32. 32. Six Sigma <ul><li>Six Sigma projects are formalized and highly structured, making use of scientific approaches in the selection and management of projects. </li></ul><ul><li>Six Sigma projects use a DMAIC structure, considered by many practitioners to be the primary reason for Six Sigma’s success. DMAIC enforces a high degree of discipline and commonality in project organization, problem-solving tools, software, and terminology. </li></ul>
  33. 33. Six Sigma Processes <ul><li>Six Sigma is the constant striving to take what you are doing today and improve it. </li></ul><ul><li>Can Six Sigma be used for improving security and emergency management? Yes it can. </li></ul><ul><li>One must start with the DMAIC process taught within Six Sigma as a disciplined approach to project management. </li></ul><ul><li>DMAIC stands for, Define, Measure, Analyze, Improve, and Control. </li></ul>
  34. 34. Lean Six Sigma <ul><li>Lean Six Sigma encompasses many common features of Lean and Six Sigma, such as an emphasis on customer satisfaction, a culture of continuous improvement, the search for root causes, and comprehensive employee involvement. </li></ul><ul><li>In each case, a high degree of training and education takes place, from upper management to the Programmatic operations. </li></ul>
  35. 35. Lean Six Sigma Processes
  36. 36. LSS & Security Processes
  37. 37. HS&D & Cross Jurisdictional Coordination <ul><li>Domestic preparedness relies on cross-jurisdictional and cross-professional cooperation and coordination between agencies, non-governmental private, and non-for-profit organizations, and levels of government that are not accustomed to working together. </li></ul>
  38. 38. HS&D & CS Coordination <ul><li>HS&D and CS mission areas require detailed planning and interagency coordination to develop operational relationships with other federal departments and agencies. </li></ul><ul><li>In certain circumstances DOD’s dependence on non-DOD organizations, information, assets and infrastructures could be critical in the accomplishment of HD as well as CS mission areas. </li></ul>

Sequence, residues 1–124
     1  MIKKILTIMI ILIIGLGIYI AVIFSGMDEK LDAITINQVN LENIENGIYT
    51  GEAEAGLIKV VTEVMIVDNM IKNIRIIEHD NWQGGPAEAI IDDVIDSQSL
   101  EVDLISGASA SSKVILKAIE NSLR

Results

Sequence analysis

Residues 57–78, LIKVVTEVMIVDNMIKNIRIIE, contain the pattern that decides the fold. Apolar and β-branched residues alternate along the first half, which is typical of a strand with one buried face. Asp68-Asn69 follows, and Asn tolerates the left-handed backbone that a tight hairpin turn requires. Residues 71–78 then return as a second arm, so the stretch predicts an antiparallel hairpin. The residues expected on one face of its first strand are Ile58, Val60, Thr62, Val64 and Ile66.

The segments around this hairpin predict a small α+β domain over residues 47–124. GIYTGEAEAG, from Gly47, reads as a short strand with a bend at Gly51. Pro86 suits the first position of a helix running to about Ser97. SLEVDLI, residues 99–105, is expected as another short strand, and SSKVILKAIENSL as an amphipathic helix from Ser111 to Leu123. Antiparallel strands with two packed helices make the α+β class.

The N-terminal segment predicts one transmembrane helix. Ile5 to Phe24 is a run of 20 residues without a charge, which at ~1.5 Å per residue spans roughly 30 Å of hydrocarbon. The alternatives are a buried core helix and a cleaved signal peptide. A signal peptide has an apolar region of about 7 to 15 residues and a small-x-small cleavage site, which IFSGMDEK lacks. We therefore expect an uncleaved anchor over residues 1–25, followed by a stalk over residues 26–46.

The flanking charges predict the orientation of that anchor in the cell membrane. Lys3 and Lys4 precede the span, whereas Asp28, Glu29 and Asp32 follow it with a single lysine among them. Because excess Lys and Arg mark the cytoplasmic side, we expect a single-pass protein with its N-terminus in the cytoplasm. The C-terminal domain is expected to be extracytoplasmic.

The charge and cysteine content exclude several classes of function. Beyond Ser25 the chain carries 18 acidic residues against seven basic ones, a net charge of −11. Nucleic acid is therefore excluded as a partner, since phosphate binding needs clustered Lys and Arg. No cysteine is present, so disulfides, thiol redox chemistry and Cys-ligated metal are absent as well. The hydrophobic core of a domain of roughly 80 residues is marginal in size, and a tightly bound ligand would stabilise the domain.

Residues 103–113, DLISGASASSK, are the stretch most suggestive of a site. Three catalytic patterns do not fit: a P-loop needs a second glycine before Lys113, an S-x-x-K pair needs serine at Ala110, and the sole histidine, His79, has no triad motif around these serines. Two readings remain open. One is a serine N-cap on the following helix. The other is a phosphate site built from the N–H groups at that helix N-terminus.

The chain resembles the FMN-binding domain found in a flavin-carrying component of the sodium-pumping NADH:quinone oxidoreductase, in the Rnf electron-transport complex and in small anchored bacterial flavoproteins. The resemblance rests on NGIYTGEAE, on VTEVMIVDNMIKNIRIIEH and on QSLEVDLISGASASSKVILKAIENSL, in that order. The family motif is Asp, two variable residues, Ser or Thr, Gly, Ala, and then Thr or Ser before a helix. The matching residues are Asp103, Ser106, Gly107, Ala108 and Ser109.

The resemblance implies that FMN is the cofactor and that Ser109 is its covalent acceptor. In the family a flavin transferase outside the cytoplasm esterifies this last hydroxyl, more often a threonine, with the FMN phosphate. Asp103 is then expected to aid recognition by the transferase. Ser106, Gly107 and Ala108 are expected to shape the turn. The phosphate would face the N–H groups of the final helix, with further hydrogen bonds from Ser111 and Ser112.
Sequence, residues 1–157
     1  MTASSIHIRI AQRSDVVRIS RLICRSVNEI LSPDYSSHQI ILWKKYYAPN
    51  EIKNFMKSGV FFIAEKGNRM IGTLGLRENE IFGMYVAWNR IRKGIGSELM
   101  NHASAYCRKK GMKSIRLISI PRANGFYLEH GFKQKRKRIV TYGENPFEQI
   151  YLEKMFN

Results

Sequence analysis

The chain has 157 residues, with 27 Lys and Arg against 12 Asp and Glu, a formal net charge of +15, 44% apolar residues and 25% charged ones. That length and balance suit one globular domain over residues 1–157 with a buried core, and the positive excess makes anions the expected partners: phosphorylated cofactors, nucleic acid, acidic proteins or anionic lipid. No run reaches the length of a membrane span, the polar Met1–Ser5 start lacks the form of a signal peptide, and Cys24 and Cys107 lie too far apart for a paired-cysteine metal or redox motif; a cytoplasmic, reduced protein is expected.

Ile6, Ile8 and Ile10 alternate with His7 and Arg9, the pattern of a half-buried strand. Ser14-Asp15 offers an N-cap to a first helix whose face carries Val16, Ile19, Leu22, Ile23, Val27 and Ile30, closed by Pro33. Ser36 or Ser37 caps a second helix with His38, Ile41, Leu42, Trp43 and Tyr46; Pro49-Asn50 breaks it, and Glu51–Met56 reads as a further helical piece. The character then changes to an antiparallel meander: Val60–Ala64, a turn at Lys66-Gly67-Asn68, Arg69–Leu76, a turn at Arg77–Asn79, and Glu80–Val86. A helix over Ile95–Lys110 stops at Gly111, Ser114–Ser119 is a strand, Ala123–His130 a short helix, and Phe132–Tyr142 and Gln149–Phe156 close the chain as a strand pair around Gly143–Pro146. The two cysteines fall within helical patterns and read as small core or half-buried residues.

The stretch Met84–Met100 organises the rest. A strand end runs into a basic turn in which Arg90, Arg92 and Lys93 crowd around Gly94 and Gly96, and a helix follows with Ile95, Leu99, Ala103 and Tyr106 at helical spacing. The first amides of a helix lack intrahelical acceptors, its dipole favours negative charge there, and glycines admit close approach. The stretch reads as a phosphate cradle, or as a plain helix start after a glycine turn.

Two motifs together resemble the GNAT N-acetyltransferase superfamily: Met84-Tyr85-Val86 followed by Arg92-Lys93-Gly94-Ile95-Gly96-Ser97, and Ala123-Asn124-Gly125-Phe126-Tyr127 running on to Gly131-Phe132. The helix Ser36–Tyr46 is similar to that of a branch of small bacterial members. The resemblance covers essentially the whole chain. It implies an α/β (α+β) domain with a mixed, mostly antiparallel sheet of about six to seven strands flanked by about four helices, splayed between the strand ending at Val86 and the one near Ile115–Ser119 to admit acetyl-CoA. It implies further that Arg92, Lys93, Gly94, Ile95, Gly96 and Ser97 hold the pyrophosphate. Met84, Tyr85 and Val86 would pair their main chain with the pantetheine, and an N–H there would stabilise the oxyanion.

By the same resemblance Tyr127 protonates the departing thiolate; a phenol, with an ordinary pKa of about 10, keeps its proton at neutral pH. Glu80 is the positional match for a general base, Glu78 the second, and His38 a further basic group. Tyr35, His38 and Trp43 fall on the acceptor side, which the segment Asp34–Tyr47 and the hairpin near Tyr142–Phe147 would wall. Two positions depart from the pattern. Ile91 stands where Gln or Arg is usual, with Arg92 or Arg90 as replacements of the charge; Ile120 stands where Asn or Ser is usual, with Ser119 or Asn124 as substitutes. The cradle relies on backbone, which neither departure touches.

39. 40. PDD-56 Interagency Coordination Tools <ul><li>Executive Committee (ExComm) provides unified planning guidance and improves day-to-day crisis management. </li></ul><ul><li>Political-Military Implementation Plan (Pol-Mil Plan) lays out a coordinated multi-dimensional strategy to achieve mission success. </li></ul><ul><li>Interagency Rehearsal refines mission area plans to achieve unity of effort. </li></ul><ul><li>Interagency After-Action Review assesses interagency planning efforts and captures lessons for dealing with future complex emergencies. </li></ul>
  40. 41. PDD-56 Interagency Coordination Tools <ul><li>Interagency Training creates a cadre of officials familiar with improved interagency management and establishes working relationships among key offices across the interagency to strengthen overall interagency readiness. </li></ul>
  41. 42. Interagency Assessment Components <ul><li>Collecting relevant information about what happened during the planning, execution, and transition phases of the operation </li></ul><ul><li>Analyzing the information and determining useful lessons to be learned distributing those lessons throughout the interagency </li></ul><ul><li>Integrating critical lessons into policies and procedures so they can help improve interagency operations during the next crisis. </li></ul>
  42. 43. Interagency Collaboration Practices <ul><li>Agree on roles and responsibilities, including leadership. </li></ul><ul><li>Establish compatible policies, procedures, and other means to operate across agency boundaries, including compatible standards and data systems, and communicate frequently to address such matters as cultural differences. </li></ul><ul><li>Develop mechanisms to monitor, evaluate, and report on the results of the collaborative effort. </li></ul>
  43. 44. Interagency Collaboration Practices <ul><li>Collaboration can be broadly defined as any joint activity that is intended to produce more public value than could be produced when organizations act alone. Agencies can enhance and sustain their collaborative efforts by engaging the following practices: </li></ul><ul><li>Define and articulate a common outcome. </li></ul><ul><li>Establish mutually reinforcing or joint strategies designed to help align activities, core processes, and resources to achieve a common outcome. </li></ul><ul><li>Identify and address needs by leveraging resources to support the common outcome and, where necessary, opportunities to leverage resources. </li></ul>
  44. 45. Interagency Collaboration Practices <ul><li>Reinforce agency accountability for collaborative efforts by using strategic and annual performance plans to establish complementary goals and strategies and by using performance reports to account for results. </li></ul><ul><li>Reinforce individual accountability for collaborative efforts through performance management systems by identifying competencies related to collaboration and setting performance expectations for collaboration. </li></ul>